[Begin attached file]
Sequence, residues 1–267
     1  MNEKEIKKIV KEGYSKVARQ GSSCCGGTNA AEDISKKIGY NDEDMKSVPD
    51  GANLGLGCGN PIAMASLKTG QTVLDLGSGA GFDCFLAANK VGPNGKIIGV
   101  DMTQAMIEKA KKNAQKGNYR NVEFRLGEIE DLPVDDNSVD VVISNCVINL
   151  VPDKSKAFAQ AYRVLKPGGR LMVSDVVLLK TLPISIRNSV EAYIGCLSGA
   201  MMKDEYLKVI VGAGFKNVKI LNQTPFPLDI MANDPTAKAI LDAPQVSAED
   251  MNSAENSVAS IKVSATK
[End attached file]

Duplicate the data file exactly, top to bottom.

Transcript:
Sequence, residues 1–267
     1  MNEKEIKKIV KEGYSKVARQ GSSCCGGTNA AEDISKKIGY NDEDMKSVPD
    51  GANLGLGCGN PIAMASLKTG QTVLDLGSGA GFDCFLAANK VGPNGKIIGV
   101  DMTQAMIEKA KKNAQKGNYR NVEFRLGEIE DLPVDDNSVD VVISNCVINL
   151  VPDKSKAFAQ AYRVLKPGGR LMVSDVVLLK TLPISIRNSV EAYIGCLSGA
   201  MMKDEYLKVI VGAGFKNVKI LNQTPFPLDI MANDPTAKAI LDAPQVSAED
   251  MNSAENSVAS IKVSATK